Erotica, sex as a genre, isn’t appropriate for children, but I doubt that anything short of an Amish enclave offers full protection. That’s why it’s crazy when the calls to “protect our children” periodically takes the lead. Shutting down one stream of “sexual content” hardly makes a difference in the bigger picture. And it’s always up to the parents. Kobogate sounds like a fiasco of over reaction.

    Like

    • acflory

      Agree completely. In one of the articles I read about Kobogate, the writer made the point that books by self-publishers had been pulled but traditionally published books like Justine and Lolita etc were still out there. Selective hysteria apparently.

      Like

  • EllaDee

    I’m confused… I’ve read your post and the article several times and I can’t make sense of this… it doesn’t make sense. If someone who shouldn’t accidently sees something they shouldn’t then everything else is yanked because… Censorship gone mad, just ask Enid Blyton…
    On the other hand, I had tears running down my face, laughing at your experiences with the kinky puppet-sex video – too too too funny πŸ˜€ The world of creativity never ceases to amaze me and never disappoints.

    Like

  • Tasha Turner Lennhoff

    I’m all for book labeling. Not a rating system but “explicit sex, violence, profanity”. The problem is cartoons fall under “lots of violence” by my definition. Rating systems don’t work in my opinion because they are based on what people at a specific time think people in certain age groups should or shouldn’t see which I don’t find all that useful. What was PG 25 years ago is now G so I’d rather see it spelled out & maybe using things like heat ratings, something similar for violence, and some kind of warning if rape or abuse tropes are being used… Hmm I begin to see why ratings aren’t happening. LOL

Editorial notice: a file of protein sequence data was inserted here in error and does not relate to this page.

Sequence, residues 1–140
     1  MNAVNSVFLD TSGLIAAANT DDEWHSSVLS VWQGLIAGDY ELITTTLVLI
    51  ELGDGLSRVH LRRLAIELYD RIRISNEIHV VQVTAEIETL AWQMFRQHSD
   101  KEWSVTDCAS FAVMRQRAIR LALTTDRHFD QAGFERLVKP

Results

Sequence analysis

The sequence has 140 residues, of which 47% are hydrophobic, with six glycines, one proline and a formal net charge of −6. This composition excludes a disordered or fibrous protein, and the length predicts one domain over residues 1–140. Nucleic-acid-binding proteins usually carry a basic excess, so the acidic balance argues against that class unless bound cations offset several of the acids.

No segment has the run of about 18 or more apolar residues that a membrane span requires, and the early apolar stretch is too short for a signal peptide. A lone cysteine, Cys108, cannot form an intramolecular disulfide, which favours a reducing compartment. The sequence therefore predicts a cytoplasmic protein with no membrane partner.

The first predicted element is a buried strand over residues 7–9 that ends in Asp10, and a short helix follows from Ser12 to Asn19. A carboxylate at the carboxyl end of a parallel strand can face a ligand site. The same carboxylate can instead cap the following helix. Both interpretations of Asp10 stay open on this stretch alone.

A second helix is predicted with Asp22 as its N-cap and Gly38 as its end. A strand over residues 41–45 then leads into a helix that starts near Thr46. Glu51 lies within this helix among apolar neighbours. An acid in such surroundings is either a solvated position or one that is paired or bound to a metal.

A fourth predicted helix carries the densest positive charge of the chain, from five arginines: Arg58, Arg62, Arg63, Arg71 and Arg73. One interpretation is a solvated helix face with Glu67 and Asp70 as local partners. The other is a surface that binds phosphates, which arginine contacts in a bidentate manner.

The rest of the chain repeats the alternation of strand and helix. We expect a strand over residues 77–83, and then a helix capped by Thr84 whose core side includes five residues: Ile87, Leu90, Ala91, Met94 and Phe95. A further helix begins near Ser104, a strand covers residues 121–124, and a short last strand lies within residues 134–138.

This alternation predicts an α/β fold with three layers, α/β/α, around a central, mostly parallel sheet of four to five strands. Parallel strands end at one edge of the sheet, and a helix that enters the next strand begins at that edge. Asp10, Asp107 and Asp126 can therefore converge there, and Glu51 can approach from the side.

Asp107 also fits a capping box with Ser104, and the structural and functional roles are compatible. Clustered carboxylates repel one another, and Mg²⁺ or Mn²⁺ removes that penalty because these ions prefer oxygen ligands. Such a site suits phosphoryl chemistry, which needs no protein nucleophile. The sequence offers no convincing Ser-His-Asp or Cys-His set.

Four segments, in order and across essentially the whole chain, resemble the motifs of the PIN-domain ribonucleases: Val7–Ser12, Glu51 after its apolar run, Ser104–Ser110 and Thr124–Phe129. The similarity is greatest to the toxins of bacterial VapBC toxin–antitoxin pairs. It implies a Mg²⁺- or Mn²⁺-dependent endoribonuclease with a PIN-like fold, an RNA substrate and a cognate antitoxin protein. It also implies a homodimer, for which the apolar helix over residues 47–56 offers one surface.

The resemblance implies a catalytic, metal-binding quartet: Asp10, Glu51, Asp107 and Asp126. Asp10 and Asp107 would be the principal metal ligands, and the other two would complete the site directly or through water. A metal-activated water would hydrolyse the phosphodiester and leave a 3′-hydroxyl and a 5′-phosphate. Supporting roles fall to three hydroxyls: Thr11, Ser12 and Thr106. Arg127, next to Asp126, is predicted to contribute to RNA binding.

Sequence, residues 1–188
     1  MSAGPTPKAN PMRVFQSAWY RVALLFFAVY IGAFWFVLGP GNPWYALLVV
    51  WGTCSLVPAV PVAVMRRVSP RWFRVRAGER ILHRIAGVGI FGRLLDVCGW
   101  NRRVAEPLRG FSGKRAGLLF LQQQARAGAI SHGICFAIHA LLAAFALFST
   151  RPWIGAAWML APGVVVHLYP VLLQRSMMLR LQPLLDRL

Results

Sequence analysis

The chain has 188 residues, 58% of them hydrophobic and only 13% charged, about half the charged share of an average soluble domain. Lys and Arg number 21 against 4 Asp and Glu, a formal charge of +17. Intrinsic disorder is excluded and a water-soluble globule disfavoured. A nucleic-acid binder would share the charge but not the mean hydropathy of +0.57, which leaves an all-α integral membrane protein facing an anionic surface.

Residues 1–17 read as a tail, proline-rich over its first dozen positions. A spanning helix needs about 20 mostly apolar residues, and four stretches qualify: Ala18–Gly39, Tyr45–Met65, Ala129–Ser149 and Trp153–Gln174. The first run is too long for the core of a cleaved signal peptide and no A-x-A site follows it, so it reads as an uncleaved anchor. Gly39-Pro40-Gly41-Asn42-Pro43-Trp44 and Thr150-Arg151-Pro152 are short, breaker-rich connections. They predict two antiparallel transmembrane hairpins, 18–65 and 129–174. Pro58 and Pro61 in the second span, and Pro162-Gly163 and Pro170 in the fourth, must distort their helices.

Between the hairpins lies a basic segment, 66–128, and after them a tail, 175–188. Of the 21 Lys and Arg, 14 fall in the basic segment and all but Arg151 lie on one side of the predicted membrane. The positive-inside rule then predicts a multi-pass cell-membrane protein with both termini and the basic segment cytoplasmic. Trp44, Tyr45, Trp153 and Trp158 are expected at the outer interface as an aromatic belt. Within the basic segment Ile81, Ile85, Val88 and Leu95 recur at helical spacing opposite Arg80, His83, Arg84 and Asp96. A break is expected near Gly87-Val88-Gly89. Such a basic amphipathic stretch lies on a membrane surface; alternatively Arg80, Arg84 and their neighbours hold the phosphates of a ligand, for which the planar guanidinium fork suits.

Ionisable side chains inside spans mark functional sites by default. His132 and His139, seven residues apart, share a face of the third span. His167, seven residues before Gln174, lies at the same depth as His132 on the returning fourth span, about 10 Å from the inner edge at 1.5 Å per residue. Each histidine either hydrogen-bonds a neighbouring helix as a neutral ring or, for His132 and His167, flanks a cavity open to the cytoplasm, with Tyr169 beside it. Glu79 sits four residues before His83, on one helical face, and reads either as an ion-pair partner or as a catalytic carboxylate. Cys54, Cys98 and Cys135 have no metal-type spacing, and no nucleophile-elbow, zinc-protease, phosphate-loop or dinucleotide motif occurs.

Like

    • acflory

      I agree, it’s a tricky situation; where do you draw each line? These days I’d just two categories Under 15 and Over 15. As Candy said, you’d have to be in an Amish enclave to keep the 12 -15year olds from knowing the basics. For the fine details they can wait until they’re 15 and above.

      Like

  • Carrie Rubin

    I was surprised to hear about that, too. Seemed a bit excessive. I wonder if books shouldn’t come with rating systems, not as a form of censorship, but as a means of letting the reader know what they–or their child–is getting. If I knew a book depicted multiple episodes of rape, for example, I wouldn’t buy it. Or, someone who has a problem with profanity (I don’t) might not want to buy a book with that warning. We do it with movies and TV; maybe we should with books, too. But pulling the erotica completely seems too much. I agree with you: parents need to pay attention to what their kids are doing. We won’t catch everything–kids are crafty–but at least they’ll know we’re vested in them.

    Like

    • acflory

      I’m not totally sure of my facts here but I got the impression that ALL self-pubbed books on Kobo, in the UK, were pulled. I guess the rest of the world was left untouched… or something.

      And yes, I have no problem with labelling – that’s about choice. This is all about hysteria and some kind of Big Daddy complex. 😦

      lol – I also agree about kids being crafty. Luckily parents are craftier. Did I ever mention that’s sort of how I got into gaming?

      Like

Don't be shy!

Fill in your details below or click an icon to log in:

WordPress.com Logo

You are commenting using your WordPress.com account. Log Out / Change )

Twitter picture

You are commenting using your Twitter account. Log Out / Change )

Facebook photo

You are commenting using your Facebook account. Log Out / Change )

Google+ photo

You are commenting using your Google+ account. Log Out / Change )

Connecting to %s

%d bloggers like this: